Religious Groups Get Involved To Safeguard The Election In Cameroon

As Cameroonians take to the polls on February 9th, 2020, in the most hotly contested electoral process of recent times, most religious groups and missions have fine-tuned strategies to support and maintain the electoral integrity process.

While Muslim leaders have been organizing regular Friday prayers to invoke Allah’s intervention in the electoral process, the Pentecostal Missions have been praying for peace, especially in the restive Anglophone regions where elections remain uncertain. At the level of the Protestant Missions, election monitors have been trained and dispatched to the country’s regions. Speaking to the press on February 6th, the Spokesperson of the Council of Protestant Churches in Cameroon, Reverend Ebai Gustave Tabi, said that their mission has trained over 740 observers who have already been dispatched to all the corners of the country. He reiterated that they observed the presidential election of October 7th, 2018, and made their reports and recommendations to policymakers. According to him, it is their own way of supporting public administration and encouraging youths to get involved in the decision-making process.

Some churches have also provided solace to political aspirants. An example is Malomba Esembe, who heads the ruling Cameroon Peoples’ Democratic Movement (CPDM) list for Buea, the southwest’s regional capital, and one of the two restive Anglophone regions. The aspiring MP has been canvassing for support and prayers from churches around his vicinity.

All of this is happening in the backdrop of heightened violence in the two Anglophone regions, where separatist elements fighting for a separate state called Ambazonia. The separatist groups have been battling government forces for three years now. In the run-up to the elections, separatist leaders have called for a six-day lockdown (also known as a ghost town) to prevent electoral activity in the two regions. According to Norwegian-based Dr. Ayaba Cho Lucas, who is one of the frontline separatist leaders heading the Ambazonia Defense Forces (ADF), the elections are “foreign” to “their land” and must not be allowed to take place. On his Facebook page, he called on his forces and supporters to frustrate the entire process, which he believed would force the central government to sit on the negotiation table with them.

However, the elections management body, Elections Cameroon (ELECAM), has insisted on holding elections in Cameroon’s 360 council areas. According to Dr. Erik Essousse, they are benefitting from reinforced security from the state. In his end of year speech on December 31st, 2019, President Biya called on separatist forces to drop arms. He also promised to use force on those who failed to adhere to his appeal. In the aftermath of his speech, some 700 Gendarmes were dispatched to the Anglophone northwest and southwest regions to add to the thousands of forces already stationed there since the beginning of the war.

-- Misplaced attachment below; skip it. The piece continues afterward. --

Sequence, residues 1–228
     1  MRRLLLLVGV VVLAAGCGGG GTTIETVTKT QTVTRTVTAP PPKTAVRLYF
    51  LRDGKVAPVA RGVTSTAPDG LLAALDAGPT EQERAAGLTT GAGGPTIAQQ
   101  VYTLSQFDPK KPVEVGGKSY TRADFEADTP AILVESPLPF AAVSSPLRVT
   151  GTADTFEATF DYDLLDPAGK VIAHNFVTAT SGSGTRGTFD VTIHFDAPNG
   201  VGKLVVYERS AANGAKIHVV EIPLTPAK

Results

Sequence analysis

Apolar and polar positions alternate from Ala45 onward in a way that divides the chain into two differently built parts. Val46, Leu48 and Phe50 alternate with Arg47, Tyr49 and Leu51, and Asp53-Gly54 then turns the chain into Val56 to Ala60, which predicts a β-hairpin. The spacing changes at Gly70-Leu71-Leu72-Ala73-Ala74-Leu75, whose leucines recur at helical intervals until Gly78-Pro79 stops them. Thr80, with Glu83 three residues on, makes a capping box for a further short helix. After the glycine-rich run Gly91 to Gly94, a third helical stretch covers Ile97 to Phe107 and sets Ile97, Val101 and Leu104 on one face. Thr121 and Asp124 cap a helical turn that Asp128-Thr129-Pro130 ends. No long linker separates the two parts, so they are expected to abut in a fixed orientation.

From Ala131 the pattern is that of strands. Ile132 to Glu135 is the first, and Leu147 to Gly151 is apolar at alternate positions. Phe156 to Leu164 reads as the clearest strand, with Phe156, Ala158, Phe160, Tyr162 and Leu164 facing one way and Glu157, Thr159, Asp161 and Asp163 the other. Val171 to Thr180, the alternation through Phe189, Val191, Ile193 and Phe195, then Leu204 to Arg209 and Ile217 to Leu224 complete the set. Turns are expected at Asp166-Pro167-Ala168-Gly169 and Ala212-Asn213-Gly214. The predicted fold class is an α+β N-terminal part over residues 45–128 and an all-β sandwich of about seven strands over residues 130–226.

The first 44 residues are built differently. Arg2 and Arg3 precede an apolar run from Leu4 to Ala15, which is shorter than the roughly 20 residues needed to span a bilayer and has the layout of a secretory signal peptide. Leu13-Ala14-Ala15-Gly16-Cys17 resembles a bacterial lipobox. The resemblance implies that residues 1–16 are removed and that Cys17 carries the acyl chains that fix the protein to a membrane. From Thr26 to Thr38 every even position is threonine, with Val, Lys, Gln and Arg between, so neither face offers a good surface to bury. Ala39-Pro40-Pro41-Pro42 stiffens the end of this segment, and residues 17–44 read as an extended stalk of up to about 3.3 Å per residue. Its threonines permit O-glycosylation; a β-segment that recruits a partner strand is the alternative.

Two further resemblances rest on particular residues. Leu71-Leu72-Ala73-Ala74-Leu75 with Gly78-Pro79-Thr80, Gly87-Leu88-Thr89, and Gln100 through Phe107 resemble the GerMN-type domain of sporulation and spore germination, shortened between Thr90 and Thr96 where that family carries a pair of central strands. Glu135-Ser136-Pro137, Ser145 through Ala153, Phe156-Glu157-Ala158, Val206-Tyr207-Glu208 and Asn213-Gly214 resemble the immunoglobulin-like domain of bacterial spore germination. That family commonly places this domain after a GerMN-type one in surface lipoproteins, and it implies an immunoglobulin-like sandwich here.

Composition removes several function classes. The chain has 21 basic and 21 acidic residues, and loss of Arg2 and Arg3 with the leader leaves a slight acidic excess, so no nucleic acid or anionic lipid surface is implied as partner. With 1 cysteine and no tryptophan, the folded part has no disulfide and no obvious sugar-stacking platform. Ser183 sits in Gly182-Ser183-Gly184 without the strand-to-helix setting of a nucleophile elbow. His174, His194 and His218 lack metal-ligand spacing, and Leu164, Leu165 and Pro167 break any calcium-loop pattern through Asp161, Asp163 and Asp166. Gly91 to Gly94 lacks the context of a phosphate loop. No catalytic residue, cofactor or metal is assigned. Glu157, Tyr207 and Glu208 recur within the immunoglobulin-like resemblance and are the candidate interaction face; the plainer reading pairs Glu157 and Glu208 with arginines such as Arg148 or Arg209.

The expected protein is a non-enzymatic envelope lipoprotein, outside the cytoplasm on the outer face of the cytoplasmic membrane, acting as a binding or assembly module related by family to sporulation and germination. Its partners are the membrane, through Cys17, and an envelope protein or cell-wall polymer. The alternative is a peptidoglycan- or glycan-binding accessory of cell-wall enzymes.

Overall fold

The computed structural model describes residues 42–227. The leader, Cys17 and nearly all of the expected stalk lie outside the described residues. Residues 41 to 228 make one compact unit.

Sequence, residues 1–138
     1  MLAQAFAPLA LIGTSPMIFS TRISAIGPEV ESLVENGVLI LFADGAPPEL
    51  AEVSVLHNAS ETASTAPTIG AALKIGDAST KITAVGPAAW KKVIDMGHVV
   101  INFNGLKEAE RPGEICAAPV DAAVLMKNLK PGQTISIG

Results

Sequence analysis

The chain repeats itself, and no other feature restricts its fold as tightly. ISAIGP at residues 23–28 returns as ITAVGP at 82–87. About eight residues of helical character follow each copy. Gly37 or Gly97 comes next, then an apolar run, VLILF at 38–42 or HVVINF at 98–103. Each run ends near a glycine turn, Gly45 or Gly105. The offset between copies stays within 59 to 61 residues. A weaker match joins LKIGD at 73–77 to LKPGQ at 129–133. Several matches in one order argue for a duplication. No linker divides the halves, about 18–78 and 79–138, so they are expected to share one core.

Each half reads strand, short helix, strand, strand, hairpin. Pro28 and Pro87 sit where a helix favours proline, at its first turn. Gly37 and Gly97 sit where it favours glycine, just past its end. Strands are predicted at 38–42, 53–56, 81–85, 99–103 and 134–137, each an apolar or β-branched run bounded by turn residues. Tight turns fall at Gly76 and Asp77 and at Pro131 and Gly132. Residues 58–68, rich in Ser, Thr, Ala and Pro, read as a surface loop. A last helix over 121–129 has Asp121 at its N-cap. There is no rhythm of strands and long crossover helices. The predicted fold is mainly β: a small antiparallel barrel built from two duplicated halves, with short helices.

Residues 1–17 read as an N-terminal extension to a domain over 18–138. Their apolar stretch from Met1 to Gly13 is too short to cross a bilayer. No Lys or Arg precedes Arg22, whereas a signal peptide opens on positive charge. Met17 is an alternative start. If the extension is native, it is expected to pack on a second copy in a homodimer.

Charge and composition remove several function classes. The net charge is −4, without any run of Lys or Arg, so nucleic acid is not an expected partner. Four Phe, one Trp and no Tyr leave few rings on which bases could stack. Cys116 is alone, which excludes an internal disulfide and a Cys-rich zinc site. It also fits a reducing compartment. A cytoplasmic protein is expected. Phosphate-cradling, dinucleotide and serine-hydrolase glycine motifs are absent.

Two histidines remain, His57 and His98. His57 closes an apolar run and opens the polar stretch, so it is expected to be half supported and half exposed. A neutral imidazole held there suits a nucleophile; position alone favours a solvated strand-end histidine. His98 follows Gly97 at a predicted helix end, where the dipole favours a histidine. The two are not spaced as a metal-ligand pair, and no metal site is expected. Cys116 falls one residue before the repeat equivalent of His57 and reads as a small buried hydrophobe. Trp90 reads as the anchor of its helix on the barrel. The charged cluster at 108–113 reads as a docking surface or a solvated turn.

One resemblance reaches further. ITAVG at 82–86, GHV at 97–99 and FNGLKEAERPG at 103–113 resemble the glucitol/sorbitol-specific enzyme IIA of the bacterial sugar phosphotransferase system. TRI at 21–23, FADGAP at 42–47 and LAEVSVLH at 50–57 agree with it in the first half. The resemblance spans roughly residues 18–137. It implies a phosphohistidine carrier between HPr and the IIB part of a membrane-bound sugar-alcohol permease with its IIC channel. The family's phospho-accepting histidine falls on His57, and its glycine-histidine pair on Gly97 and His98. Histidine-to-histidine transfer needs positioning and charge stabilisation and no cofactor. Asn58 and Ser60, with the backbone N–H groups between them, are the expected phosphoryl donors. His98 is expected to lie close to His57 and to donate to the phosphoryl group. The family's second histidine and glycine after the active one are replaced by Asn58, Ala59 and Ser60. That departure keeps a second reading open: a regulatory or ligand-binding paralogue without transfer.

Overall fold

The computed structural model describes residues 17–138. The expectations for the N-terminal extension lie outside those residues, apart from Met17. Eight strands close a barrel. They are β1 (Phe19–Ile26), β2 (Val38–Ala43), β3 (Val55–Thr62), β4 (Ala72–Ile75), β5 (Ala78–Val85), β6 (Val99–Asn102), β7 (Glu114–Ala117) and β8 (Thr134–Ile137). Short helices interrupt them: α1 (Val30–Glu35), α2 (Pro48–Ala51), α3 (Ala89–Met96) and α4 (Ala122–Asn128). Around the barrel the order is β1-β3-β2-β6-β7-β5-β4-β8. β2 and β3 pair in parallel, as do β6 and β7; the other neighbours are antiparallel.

However, the elections have been boycotted by Professor Maurice Kamto’s Cameroon Renaissance Movement (CRM), which officially came second in the last presidential election. In a telephone interview with one of the Kamto team spokespersons, Wanah Immanuel, Kamto explained that they decided to boycott the elections because the nation is in a state of war (citing the conflict in Anglophone Cameroon) and that the elections cannot be free and fair. He also argued that the same electoral laws, which were a source of contention during the last election, have still not been revised to provide a level playing field to everybody as demanded by political and civil society actors.

In the meantime, most cities and villages in Anglophone Cameroon have responded to the separatist call of lockdown: streets are completely deserted, and businesses have shut down. Meanwhile, the bloodshed and property destruction have continued unabated, with civilians paying the highest price. International and national actors had previously expressed their doubts over the elections, citing the ongoing violence and called on the government to engage in an inclusive dialogue with the separatists. In a recent interview on the French channel, RFI, the UN Secretary-General, Antonio Guterres, called on Cameroon’s government to invite all parties to engage in a dialogue to discuss sustainable peace in Cameroon. A similar call had been made by the Deputy U.S. Secretary of State in charge of African Affairs, Tibor Nagy, who stressed the importance of dialogue between the government and separatist groups. He frowned upon the militarization of the restive regions and called on the government to give priority to discussions.

As Cameroonians of the other eight Francophone regions are, for the most part, resolved to go to the polls on Sunday, their counterparts in the Anglophone regions are still uncertain. Many villages have been burnt down, and hundreds of thousands of people have displaced, making it difficult to trace the electorates. Many aspirants have also been kidnapped or have abandoned the course. The elections that have been postponed twice have instead led to an increase in violence on the ground, which indicates an urgent need to implement conflict management mechanisms.


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